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Does anyone know where in DC one can obtain a properly made Sazerac? (An inveterate inebriate friend of mine wants urgently to know.)

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Does anyone know where in DC one can obtain a properly made Sazerac? (An inveterate inebriate friend of mine wants urgently to know.)

Firefly was offering them last week to raise money for the Katrina relief effort. They may still have them. Derek or John will probably chime in here.

Edited by mdt

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Does anyone know where in DC one can obtain a properly made Sazerac? (An inveterate inebriate friend of mine wants urgently to know.)

Isn't that the drink that contains absinthe? Maybe I'm confusing it with something else...

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Isn't that the drink that contains absinthe?  Maybe I'm confusing it with something else...

Oui. The classic ingredient is Herbsinthe, a Louisiana version of the French original. But a more easily obtainable subsitute works well, such as Pernod, Ricard, etc. (Ironic that the French versions are easier to find.) I wonder how one of the Czech absinthes would taste in this drink.

The other ingredients are Rye Whiskey and Peychaud's Bitters, plus some sugar.

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Real quick...freeze and then line an old-fashioned glass with Herbsaint (a cheap pastis-like substance, usually available at Potomac Wine & Spirits on M St. in Georgetown), chill rye, Peychaud bitters, and a bit of syrup, strain into said chilled, lined glass, garnish with a lemon twist.

(Shuffles through fridge...) Bring me a lemon and I'll make you as many of them as you want.

And I think it's entirely reasonable to expand this thread into a lament on the lack of rye whiskey in our fair city's bars.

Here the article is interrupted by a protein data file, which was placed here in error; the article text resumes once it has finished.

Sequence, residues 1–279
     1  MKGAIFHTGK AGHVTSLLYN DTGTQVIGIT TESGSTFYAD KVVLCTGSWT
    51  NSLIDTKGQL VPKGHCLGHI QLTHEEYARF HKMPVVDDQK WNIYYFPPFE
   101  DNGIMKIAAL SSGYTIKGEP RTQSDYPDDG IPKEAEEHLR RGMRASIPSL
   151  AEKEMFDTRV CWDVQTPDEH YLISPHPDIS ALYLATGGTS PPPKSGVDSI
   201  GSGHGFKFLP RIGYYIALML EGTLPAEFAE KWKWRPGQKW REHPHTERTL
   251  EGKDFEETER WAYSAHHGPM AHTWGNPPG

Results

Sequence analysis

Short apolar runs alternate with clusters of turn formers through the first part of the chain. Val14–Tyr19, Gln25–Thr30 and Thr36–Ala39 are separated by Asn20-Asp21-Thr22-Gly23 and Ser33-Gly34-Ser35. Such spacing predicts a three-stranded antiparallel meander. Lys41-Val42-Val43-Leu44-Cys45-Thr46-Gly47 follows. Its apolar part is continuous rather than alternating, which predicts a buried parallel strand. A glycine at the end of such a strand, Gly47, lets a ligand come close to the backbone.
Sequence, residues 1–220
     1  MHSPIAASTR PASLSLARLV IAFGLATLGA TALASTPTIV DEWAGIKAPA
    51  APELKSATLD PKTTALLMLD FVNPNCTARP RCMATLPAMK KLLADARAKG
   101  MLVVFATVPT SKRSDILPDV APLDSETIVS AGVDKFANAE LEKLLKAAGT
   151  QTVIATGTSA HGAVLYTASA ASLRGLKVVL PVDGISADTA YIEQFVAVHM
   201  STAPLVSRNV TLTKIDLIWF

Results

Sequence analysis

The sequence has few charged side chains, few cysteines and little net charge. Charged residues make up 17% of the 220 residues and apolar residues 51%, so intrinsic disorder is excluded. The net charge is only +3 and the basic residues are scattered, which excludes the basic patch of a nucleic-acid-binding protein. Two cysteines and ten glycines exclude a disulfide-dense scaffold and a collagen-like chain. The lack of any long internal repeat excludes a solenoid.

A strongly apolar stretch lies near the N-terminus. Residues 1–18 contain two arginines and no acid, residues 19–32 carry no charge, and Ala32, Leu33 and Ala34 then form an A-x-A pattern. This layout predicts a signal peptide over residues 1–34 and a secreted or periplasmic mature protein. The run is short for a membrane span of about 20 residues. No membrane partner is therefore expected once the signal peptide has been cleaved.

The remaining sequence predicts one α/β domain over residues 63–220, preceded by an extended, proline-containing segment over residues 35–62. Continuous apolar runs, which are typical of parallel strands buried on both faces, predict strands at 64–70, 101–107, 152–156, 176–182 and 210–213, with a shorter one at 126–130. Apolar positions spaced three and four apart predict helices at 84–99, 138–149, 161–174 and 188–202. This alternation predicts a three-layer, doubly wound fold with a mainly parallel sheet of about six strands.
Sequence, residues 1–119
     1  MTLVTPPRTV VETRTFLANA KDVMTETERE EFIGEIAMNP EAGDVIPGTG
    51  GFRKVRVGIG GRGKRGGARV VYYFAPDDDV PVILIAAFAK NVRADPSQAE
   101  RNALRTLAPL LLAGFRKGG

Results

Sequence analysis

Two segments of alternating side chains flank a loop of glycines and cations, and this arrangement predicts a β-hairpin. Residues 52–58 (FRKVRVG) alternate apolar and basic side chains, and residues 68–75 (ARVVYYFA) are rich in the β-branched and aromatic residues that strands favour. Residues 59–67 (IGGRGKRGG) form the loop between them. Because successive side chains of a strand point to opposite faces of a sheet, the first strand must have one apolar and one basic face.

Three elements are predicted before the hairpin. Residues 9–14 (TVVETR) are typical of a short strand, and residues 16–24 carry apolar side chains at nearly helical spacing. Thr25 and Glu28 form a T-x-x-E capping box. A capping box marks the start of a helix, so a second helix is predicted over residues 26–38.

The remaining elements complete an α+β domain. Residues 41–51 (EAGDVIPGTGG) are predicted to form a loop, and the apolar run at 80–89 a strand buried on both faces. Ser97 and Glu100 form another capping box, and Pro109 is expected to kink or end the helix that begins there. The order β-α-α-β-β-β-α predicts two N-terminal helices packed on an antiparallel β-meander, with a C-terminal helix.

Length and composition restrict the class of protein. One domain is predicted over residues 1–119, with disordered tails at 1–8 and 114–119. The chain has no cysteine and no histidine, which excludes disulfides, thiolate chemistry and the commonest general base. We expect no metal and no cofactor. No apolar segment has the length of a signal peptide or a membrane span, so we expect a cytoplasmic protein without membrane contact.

PS: I spoke at length yesterday with Jeff Kundinger, GM/sommelier of Restaurant Cuvee on Magazine St. in NO's CBD. The restaurant is fine (all the wine is cooked) and they hope to reopen soon, at least to feed the folks working on cleanup and rebuilding. The major roadblock appears to be the reopening of the hotel (the St. James) that surrounds the restaurant. Cuvee's owner, the mercurial Kenny LaCour, was quoted in a story on this morning's AP wire.

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Firefly was offering them last week to raise money for the Katrina relief effort.  They may still have them.  Derek or John will probably chime in here.

Yeah, I had one the other week and really enjoyed it. It's fairly strong, and very peachy. Amazing peach scent, too. Not sure if there was herbsaint in it, though; might have been bourbon.

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I heard one being discussed, ordered, and tasted at a nearby table at Firefly last week. I'm pretty sure theirs involves peach schnapps and bourbon. Which sounds like a variation on the theme, but maybe not the "properly made" version the original poster was looking for.

Still, I'm pretty tempted to walk over there and try their version...

Jael

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I heard one being discussed, ordered, and tasted at a nearby table at Firefly last week. I'm pretty sure theirs involves peach schnapps and bourbon. Which sounds like a variation on the theme, but maybe not the "properly made" version the original poster was looking for.

Still, I'm pretty tempted to walk over there and try their version...

Jael

True enough, perhaps, but it is a tasty beverage in it's own right, and it's for a good cause!

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I'm pretty sure theirs involves peach schnapps and bourbon.

I just hear the words "peach schnapps" and I run away screaming. (Doesn't peach schnapps + bourbon = Southern Comfort?)

Thanks for all your suggestions. It'll be fun exploring them!

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I really like bourbon. I really like peaches. Neither of them go in a Sazerac.

Oh the purists!

We've created a more, let's say, universal version of the Sazerac for the cause. It's made like a Sazerac only we wash the glass with Peach Schnapps (instead of Pernod, Ricard, Herbsaint, or even some funky Turkish Anisette). We also muddle peaches with the simple syrup, Peychaud and Angostura bitters.

The Peach Sazerac is $12 and half goes to the American Red Cross. It's tasty. And, yes, it's like a more refined Southern Comfort with several layers of Peach (fresh peach, peach syrup, canned peach), some anise (from the Peychaud Bitters) and the tasty, woody-sweet flavor of Woodford Reserve.

If you want a real real one go to Palena. They use Wild Turkey Rye.

I can make you a Bourbon or Cognac Sazerac at Firefly (consequently, both are acceptable subs and Cognac is more real than real--hypereal--in that it was how it was first made).